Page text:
Vol. 4, No. 9
The month of March is Women’s History Month, a designation dating back to 1987. The question of why this particular designation is needed surfaces frequently and the simplest explanation is that the presence of women in the national historical narrative went unnoted in schools for centuries. Today, historians focus attention on previously marginalized groups in history to provide a more thorough and balanced image of the past. The narratives of local history are often filled with the stories of white men who made their mark on early settlements and only infrequently do we hear the stories of women such as Elizabeth Gilbert and Polly Burgess who braved the virgin forests of Western New York.
Elizabeth Harriet Denio was born to John and Celinda Weatherwax Denio on August 3, 1842 at the family’s farm in Albion, now part of the Correctional Facility. A printer by trade, John Denio became a respected citizen of Albion due in part to his time as publisher of the Orleans American. As a young girl, Elizabeth attended the local schools but as the daughter of a prominent family, she was afforded the opportunity to attend the Phipps Union Seminary. Upon the completion of her education there, she later attended and graduated from Mount Holyoke College in 1866, followed by a very brief term as an instructor at Vassar College in Poughkeepsie, NY.
In 1876 she became a professor of German and Art History at Wellesley College until taking a leave of absence in 1883 to travel abroad. While in Germany, she commenced study at Leipzig, Berlin, and Heidelberg, focusing on German philology (language) and art history. In 1896 she was fired from Wellesley College due to her antiquated teaching style after the arrival of the institution’s new president. It was nearly two years later in 1898 that she received her Doctor of Philosophy from Heidelberg, writing her thesis entitled “The Life and Works of Nicolas Poussin.” This defining piece on the French Baroque artist was printed in 1899 by Charles Scribner and Sons of New York.
Upon her return to the United States, she was appointed to a position as a lecturer of art history at the University of Rochester in 1902. This appointment marked a significant milestone in the University’s history as Denio became the first female member of the institution’s faculty. In his 1910 report, University President Benjamin Rush Rhees noted that “Dr. Denio’s work has been elected increasingly by our students…there are few persons in the country so well equipped to do this work, and it is work which it is very advantageous for our women to take;” this also came with a promotion to the title of “Instructor in the History of Art.” In the earliest years of her tenure at the University, a lack of funding required for a permanent position forced the institution to hire her on an annual appointment by special action. Emily Sibley Watson, the daughter of Western Union founder Hiram Sibley, was largely responsible for funding Denio’s remuneration in those early years. After her retirement in 1917, she was made an Emeritus Professor.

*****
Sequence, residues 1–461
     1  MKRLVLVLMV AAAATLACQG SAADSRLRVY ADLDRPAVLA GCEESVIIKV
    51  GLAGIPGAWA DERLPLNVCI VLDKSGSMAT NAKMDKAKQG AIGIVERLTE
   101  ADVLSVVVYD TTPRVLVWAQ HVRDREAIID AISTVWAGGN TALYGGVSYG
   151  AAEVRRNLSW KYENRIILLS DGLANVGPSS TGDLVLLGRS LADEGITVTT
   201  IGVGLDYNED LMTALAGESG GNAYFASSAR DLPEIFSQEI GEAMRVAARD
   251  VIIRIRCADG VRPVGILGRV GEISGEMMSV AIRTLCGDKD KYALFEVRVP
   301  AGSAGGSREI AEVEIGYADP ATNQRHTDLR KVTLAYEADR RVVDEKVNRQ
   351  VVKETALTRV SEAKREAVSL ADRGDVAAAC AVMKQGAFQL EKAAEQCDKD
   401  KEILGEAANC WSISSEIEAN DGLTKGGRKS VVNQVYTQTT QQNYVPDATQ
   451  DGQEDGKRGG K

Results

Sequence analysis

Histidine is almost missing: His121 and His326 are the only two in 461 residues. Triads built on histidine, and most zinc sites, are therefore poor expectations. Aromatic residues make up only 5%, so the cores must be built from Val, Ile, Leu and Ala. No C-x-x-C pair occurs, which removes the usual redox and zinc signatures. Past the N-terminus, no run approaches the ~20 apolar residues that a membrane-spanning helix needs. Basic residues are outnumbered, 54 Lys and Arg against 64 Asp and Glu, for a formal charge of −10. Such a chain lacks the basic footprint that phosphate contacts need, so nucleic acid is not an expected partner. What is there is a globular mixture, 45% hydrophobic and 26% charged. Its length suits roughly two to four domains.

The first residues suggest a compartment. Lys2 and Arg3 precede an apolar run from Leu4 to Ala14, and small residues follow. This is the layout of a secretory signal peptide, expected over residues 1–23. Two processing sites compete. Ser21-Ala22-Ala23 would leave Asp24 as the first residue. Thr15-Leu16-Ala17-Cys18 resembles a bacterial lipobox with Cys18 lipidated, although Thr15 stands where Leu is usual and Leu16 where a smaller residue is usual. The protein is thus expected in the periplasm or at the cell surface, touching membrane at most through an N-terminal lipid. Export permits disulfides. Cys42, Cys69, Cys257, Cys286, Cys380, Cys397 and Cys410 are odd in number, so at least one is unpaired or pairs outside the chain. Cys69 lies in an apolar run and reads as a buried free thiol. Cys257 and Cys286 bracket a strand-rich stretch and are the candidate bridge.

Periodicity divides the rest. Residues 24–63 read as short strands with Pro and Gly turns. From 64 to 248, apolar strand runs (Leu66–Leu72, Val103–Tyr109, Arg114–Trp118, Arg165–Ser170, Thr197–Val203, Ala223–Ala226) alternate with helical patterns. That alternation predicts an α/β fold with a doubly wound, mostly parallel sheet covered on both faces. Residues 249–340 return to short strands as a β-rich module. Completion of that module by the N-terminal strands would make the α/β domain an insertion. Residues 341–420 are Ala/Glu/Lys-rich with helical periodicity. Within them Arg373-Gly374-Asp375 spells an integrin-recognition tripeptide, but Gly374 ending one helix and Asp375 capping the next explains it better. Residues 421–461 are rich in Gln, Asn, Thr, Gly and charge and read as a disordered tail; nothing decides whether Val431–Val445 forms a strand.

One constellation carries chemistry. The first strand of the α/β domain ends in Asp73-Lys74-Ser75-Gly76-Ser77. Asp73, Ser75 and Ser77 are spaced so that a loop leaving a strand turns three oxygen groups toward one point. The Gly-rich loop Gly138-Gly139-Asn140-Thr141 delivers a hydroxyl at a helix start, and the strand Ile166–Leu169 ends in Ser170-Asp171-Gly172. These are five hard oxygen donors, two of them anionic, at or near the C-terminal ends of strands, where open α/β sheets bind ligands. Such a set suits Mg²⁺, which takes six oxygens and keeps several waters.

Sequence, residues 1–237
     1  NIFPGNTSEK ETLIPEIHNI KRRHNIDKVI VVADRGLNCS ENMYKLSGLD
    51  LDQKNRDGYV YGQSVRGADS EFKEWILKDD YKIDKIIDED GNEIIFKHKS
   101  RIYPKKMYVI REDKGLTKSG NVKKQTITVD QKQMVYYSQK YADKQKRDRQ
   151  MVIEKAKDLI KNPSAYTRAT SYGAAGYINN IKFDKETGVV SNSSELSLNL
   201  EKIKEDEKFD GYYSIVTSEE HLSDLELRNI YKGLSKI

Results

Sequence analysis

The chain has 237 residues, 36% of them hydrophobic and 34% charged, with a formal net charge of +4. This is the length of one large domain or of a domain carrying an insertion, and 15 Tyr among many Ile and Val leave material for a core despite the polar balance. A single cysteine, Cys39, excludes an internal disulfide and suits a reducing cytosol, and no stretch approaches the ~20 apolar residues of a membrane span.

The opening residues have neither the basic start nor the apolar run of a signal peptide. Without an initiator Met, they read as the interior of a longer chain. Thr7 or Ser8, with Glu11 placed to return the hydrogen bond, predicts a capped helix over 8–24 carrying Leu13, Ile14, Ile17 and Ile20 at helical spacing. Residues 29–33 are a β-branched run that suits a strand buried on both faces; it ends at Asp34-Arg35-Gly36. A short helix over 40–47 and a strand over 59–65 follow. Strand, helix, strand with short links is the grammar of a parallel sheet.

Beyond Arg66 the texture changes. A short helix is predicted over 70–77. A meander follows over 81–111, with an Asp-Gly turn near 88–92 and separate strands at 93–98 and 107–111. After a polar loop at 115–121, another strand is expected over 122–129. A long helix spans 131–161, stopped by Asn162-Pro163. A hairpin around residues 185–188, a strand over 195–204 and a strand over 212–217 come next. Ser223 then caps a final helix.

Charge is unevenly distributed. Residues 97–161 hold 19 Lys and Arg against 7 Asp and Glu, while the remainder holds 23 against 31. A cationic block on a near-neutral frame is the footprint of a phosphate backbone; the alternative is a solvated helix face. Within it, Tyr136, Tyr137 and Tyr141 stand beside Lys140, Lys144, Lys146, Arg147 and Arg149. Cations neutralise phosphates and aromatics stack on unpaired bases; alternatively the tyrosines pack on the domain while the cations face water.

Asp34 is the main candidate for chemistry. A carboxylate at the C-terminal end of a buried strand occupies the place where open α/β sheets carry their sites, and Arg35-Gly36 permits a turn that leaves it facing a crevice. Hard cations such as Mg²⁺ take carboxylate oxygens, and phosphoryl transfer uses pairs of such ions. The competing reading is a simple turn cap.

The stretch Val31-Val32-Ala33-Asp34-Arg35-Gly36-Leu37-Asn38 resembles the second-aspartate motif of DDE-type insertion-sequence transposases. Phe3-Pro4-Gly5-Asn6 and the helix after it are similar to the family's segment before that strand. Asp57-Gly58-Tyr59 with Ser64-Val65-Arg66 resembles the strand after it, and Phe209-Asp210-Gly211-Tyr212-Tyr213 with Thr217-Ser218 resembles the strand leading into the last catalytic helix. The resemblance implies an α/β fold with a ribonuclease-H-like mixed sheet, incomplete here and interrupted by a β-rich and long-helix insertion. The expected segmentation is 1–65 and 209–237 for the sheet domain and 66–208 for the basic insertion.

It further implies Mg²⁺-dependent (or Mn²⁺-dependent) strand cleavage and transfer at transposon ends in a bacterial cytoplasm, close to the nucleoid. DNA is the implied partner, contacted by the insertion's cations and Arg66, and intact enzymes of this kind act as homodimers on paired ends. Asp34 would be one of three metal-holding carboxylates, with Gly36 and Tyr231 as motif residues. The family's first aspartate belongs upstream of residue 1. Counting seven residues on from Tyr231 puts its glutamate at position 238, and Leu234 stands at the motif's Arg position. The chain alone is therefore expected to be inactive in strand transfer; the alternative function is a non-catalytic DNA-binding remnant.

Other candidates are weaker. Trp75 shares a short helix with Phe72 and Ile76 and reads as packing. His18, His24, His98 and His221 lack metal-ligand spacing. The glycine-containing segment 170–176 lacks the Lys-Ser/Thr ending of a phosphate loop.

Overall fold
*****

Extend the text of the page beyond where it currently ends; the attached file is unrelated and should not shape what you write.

On December 23, 1922, Dr. Denio prepared to cross from the south curb of East Avenue at Meigs Street Rochester when she was struck by a car driven by Theodore Drescher. In an effort to avoid the elderly woman, Drescher slammed on his brakes forcing the car to spin out of control and striking Denio with the rear of the vehicle. After she was knocked to the ground, a vehicle driven by Charles Flint passed over Denio’s body. She was quickly rushed to the Homeopathic Hospital where she later succumbed to her injuries. As noted by Bill Lattin (Bethinking of Old Orleans v. 16, no. 10), “Dr. Denio was known to be a stimulating conversationalist who had a broad spectrum of friends. Local lore conjectures that she became accustomed to men’s clothing while studying in Germany, for upon her return to this country, she was seen to appear in pants and supposedly enjoyed cigars. Denio’s lasting legacy remains in the form of the Memorial Art Gallery, an institution that she was influential in developing in 1913.